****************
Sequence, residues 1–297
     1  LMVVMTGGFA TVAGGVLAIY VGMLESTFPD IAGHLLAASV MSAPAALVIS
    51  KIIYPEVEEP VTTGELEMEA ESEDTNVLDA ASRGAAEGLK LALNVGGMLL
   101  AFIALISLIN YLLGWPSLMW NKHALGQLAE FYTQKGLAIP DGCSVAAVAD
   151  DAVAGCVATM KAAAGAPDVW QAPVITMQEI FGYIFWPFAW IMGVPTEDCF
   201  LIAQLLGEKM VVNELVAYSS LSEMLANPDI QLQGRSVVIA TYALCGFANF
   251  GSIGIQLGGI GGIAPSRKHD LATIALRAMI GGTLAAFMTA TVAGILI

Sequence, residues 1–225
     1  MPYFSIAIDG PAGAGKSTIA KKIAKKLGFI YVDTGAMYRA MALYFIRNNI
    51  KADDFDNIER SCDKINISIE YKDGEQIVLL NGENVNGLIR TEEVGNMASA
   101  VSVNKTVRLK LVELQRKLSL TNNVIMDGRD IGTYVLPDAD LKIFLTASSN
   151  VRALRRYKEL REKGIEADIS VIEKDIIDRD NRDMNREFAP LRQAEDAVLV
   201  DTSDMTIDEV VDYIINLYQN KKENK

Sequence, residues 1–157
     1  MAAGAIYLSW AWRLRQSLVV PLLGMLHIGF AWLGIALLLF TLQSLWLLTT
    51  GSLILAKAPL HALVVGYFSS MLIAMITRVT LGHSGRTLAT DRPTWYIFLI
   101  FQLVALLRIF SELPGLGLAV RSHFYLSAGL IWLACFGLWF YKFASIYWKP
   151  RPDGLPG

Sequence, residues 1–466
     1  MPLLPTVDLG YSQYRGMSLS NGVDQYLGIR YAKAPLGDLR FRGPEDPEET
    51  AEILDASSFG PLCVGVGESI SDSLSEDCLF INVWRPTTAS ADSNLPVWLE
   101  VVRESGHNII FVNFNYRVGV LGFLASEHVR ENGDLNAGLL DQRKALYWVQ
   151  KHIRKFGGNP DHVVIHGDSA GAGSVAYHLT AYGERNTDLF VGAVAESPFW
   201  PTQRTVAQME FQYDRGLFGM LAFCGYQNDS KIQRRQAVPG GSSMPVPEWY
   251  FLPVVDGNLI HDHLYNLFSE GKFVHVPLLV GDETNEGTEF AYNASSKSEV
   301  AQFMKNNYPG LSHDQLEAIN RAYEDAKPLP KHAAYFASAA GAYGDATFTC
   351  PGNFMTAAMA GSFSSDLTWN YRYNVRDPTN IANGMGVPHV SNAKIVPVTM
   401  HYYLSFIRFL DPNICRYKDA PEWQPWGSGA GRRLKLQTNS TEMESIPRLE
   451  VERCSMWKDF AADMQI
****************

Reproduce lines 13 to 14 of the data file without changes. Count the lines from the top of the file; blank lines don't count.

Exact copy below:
   201  DTSDMTIDEV VDYIINLYQN KKENK

Sequence, residues 1–157